Non-Extreme Minimalism

This post from Minimalist Mom really resonated with me today.  It perfectly describes my kind of minimalism, and I agree with Rachel that it’s much more likely to be embraced by a lot of people than extreme minimalism.  I have no desire to live out of a backpack or move somewhere new every few months.  My family lived in several states when I was a child, and I traveled quite a bit in my 20s.  When I finished college, I joined the Peace Corps and headed to Africa for two years with only what I could fit in two suitcases.  I know that I can live perfectly well in a tiny house with no running water or electricity, and a ceiling made of old burlap sacks.  But I sure do appreciate the fact that the house I live in now has a washing machine and electricity.

At this stage in my life, I’m very happy to live in one place for a long time, working on our mini-farm and raising our children.  And I like having things like a couch, bed, and dining room table.  The extreme minimalist movement has inspired me to clear out clutter and stop shopping, but I have no desire to get rid of all of our possessions and become a family of wanderers.

Most of the extreme minimalist bloggers are very attracted to the idea of a location-independent lifestyle, and thus tend to earn a living from something online – often blogging and/or writing e-books.  Although my husband and I want to stay in our current location for a very long time, we have been self-employed for eight years, and began transitioning our business to be online-only around the end of 2003.  These days, everything we do to earn a living is online and over the phone, which means we work only from home (or wherever we happen to be, if we’re not at home) and can be very flexible with our time.  This is far better than the days when we were slaves to our alarm clock and commuting back and forth to jobs we didn’t really enjoy.  And since we work from home using the internet, we do technically have a location-independent life… that’s why we were able to sell our house in the city and move to a small town last year.  While I might not be into the idea of constant travel right now, I do very much love the way we earn a living, and how flexible our lives are.  Stay tuned next week for an amazing e-book package aimed at people who want to pursue location-independent self-employment… it makes for a good lifestyle, even if you are perfectly happy staying in one location.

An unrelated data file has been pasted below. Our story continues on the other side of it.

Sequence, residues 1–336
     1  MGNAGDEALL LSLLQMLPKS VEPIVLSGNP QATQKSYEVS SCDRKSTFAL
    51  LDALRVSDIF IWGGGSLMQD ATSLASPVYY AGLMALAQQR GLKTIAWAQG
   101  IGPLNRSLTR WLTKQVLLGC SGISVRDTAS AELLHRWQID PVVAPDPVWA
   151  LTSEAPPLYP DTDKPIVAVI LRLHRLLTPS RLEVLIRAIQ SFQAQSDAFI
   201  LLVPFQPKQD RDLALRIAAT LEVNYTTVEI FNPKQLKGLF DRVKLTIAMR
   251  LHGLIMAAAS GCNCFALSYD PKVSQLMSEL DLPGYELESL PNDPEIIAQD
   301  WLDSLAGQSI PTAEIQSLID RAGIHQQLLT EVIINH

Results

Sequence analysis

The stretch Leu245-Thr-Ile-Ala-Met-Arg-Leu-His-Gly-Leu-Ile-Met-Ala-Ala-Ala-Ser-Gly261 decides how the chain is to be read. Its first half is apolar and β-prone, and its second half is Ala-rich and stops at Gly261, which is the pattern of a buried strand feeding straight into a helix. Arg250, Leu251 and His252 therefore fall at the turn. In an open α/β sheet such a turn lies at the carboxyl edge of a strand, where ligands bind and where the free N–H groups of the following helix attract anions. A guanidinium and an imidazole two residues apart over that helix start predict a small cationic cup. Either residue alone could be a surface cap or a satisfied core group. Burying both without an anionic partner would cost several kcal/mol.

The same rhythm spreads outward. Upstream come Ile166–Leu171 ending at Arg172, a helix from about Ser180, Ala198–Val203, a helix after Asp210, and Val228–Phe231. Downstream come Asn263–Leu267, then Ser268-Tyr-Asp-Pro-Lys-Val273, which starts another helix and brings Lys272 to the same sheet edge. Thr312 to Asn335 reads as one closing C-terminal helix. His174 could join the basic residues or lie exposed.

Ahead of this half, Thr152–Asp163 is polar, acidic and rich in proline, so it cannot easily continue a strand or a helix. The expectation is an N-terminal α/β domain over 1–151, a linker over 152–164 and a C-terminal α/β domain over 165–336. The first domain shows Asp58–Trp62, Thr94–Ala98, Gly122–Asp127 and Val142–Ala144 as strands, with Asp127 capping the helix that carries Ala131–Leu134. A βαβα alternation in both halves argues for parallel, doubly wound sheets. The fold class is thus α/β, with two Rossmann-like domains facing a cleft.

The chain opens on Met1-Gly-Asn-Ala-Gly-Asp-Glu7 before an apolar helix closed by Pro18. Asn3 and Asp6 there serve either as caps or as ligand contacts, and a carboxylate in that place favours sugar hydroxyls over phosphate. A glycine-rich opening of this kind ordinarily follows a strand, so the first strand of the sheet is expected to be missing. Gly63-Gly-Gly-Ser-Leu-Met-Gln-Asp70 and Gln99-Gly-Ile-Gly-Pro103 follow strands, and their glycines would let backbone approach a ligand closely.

What I liked about the post from Minimalist Mom was the idea of appealing to the masses.  I don’t think that most of us really want to live out of a backpack and wander from one place to another long-term.  But I think that the idea of a peaceful, less cluttered life without debt is appealing to a whole lot more people.  People want less stress, they want homes that are easier to clean, they want more flexibility with their time, they want more financial stability.  Applying some of the ideas of minimalism (like getting rid of excess stuff, not over-scheduling ourselves, and spending our time and money doing things other than shopping) can help nearly all of us achieve a better lifestyle in some way – and it doesn’t mean that we have to ditch our beds and living room furniture in the process.  Simply being mindful of our purchases, getting rid of physical and mental clutter, and focusing on what we really want out of life will make a huge difference in our lives.